Gloria Salavarria
Gloria Salavarria
Gloria Salavarria inherited an itchy toe as well as math smarts from her father who spent his teen years as a hobo during the Great Depression. She learned from him the wisdom of working at something you truly love doing and so she spent her working years as a biochemist and an engineer. She retired in her 50s but after one week of retirement, her husband told her that she couldn’t go from supervising 40 guys down to supervising just one guy and expect that one guy to like it. She next became a freelance writer and photographer for The Elkhart Truth and after a few months, her husband again complained but this time he said that she was just like their tomcat—always “on the prowl” and never at home. Now a widow, she has traveled every continent except Antarctica and she plans on going there one of these days.

Touching it with a 10-foot pole

Gloria Salavarria recalls a time her father tried to help her get over her fear of hornworms. It didn't go so well, but made for a funny story.

Posted on March 11, 2014 at 11:50 a.m.

Our Mom rocketed clean out of her slippers at the sight of a mouse and then, to make matters worse, she’d run in the opposite direction—shrieking and carrying on.

The mouse usually returned the compliment—and with a good deal less noise.

She played this same scene whenever she encountered anything that slithered, crawled or creeped—much to Dad’s disgust.

Mom was a city girl and Dad was a country boy who fearlessly fought across the Pacific during WWII. The Devil Dog Marine in him was offended by weakness. He didn’t want his kids to embarrass him by being afraid of anything and for the most part we grew up as good Marine Corps country kids—except for at least one critter.

My tough-as-nails younger sister couldn’t stand spiders.

At that time, my brother was too young to form an opinion, much less have a phobia.

With me, it was any naked caterpillar, grub or maggot-like creature and in this category, the obscenely big, fat tomato hornworm was the worst.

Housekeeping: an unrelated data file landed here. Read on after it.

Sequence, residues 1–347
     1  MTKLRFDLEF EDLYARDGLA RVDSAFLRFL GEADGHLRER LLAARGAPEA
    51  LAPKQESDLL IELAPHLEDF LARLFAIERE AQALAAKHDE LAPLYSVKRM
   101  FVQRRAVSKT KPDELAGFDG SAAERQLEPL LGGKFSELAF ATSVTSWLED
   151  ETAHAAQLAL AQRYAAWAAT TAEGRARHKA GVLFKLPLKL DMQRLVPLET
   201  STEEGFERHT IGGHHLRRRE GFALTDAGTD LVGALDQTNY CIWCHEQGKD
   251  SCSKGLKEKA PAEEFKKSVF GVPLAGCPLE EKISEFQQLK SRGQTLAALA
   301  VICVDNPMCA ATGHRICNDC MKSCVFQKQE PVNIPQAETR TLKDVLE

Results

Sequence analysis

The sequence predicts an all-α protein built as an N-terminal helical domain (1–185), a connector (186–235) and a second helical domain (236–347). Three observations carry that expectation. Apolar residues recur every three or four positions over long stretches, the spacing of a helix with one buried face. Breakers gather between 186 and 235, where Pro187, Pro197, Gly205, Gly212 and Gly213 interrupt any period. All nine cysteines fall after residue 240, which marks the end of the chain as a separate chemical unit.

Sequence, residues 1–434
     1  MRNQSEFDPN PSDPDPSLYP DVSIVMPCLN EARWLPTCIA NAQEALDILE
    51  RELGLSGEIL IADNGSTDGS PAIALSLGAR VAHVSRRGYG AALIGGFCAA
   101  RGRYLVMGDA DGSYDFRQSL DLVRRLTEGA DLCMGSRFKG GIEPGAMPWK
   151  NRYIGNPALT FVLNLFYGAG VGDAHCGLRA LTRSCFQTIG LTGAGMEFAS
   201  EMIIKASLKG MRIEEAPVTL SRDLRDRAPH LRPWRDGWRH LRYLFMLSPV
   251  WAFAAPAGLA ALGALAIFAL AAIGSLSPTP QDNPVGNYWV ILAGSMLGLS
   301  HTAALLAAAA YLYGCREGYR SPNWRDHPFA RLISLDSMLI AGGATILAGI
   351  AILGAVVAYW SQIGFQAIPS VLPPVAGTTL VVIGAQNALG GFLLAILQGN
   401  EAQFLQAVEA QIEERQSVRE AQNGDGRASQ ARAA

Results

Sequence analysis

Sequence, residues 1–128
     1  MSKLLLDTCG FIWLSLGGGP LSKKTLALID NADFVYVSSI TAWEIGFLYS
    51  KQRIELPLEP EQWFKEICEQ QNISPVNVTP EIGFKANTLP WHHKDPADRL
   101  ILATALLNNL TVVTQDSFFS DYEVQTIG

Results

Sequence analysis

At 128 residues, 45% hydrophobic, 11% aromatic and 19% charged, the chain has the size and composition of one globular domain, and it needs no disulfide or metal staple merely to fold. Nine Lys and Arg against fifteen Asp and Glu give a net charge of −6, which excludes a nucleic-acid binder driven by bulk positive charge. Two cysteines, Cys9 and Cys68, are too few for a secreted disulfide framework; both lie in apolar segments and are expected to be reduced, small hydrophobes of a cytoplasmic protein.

“You see that horn at the ass end,” Dad said, pointing to an ugly five-incher who was at that moment audibly gnawing its way through a tomato plant. “Just pick it up by the horn like this and then mash it!”

Dad dropped the green obscenity to the ground and stomped on it.

Dad was determined to force me into overcoming my fears and so he mapped out the campaign for the day—“Now I want you to start at this end and work your way through the garden and I want you to kill every last one of ‘em before supper.”

I looked out over our garden planted to tomatoes with a few other vegetables thrown in—and I could hear ‘em munching even if I couldn’t see them.

Tomato limbs gnawed bare of leaves stood mute testimony to the fact that the hornworms were there—and they had to be stopped.

Dad liked his tomatoes vine-ripened.

We’d can our harvest into tomato juice, tomato sauce and whole tomatoes—whatever we couldn’t eat—that is, if the hornworms didn’t get them first.

I was the eldest kid and the one with a hornworm phobia so I’d be the first. It was my duty that day to pick all the hornworms off the tomato plants and get over my fear of naked caterpillars—yes SIR!

Dad didn’t have just a little family garden patch. He gardened on an industrial scale and so his ordering me to go pick the tomato plants clean of all hornworms on a large plot was at least a half-day chore.